Massachusetts 1st State to Issue "Green Bonds"
Modeling its program after the World Bank, this week Massachusetts became the first state in the country to issue "green" municipal bonds.The tax-exempt bonds will be part of a $1.1 billion general-obligation issue that also includes $640.3 million for refunding debt.
In 2008, the World Bank rolled out its "Strategic Framework for Development and Climate Change" which was designed to galvanize private and public sector financing to help mitigate negative impacts of climate change as well as reduce poverty and assist local economies while generating economic returns for investors. The program, to date, has loaned roughly $3.5 billion for 56 different projects and the green bonds maintain a AAA credit rating similar to other bonds issued by the World Bank. One difference is that the Bank itself, not the project, has the obligation to pay back investors.
According to a news account in the Wall Street Journal, Massachusetts issued $100 million in 20-year bonds with interest rates varying between 3.20% and 3.85%. The investment ratings service Moody's has given the new bond issue it's second-highest rating at Aa1. Over 150 individual investors and 29 institutions interested in environmental stewardship placed $130 million in orders with the proceeds going to various public works projects designed to improve water quality, energy efficiency and pollution abatement. State Treasurer Steven Grossman said in the story, "This was to some extent an experiment," and "I've always seen part of what we do is to use Treasury as a laboratory for experimentation and innovation."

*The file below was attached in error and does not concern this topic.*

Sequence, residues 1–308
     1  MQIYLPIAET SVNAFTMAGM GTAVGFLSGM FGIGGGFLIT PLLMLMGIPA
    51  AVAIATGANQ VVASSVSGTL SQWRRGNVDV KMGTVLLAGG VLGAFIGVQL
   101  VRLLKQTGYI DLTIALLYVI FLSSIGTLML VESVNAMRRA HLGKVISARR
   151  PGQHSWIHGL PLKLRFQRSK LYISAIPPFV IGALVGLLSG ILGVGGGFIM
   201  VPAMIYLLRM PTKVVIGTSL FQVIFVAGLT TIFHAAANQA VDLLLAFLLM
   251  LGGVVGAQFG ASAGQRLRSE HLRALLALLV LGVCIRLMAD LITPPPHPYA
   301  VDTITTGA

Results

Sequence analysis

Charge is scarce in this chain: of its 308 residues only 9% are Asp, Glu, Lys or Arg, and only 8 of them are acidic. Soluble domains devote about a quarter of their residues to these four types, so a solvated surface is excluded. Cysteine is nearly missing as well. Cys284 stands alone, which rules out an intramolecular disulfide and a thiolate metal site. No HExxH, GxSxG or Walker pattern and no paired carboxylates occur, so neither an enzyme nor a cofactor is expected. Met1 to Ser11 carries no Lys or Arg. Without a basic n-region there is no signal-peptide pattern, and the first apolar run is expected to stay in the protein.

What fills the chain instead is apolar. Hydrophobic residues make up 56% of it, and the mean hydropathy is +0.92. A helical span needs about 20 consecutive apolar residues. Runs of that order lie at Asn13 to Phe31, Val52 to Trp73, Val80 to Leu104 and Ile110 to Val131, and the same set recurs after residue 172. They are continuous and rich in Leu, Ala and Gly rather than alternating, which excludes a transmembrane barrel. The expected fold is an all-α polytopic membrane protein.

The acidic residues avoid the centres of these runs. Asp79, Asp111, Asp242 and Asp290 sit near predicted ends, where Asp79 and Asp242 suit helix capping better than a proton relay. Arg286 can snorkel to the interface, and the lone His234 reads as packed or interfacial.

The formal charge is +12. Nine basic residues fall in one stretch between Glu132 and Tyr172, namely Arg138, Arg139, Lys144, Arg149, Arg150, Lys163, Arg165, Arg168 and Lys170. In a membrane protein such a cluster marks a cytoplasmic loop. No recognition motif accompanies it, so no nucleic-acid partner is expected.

Although using proceeds from bond sales for environmental restoration projects is not unusual, the move by Massachusetts is the first time a time a state has specifically marketed the sale as a "green bond." The terms of the bond are not structurally different than traditional debt sold by states, in that the full faith and credit of the state's general obligation backs payment to bond holders. Massachusetts state officials expect to issue more targeted green bonds to investors specifically interested in environmental stewardship projects to meet what they believe will be growing financial demand.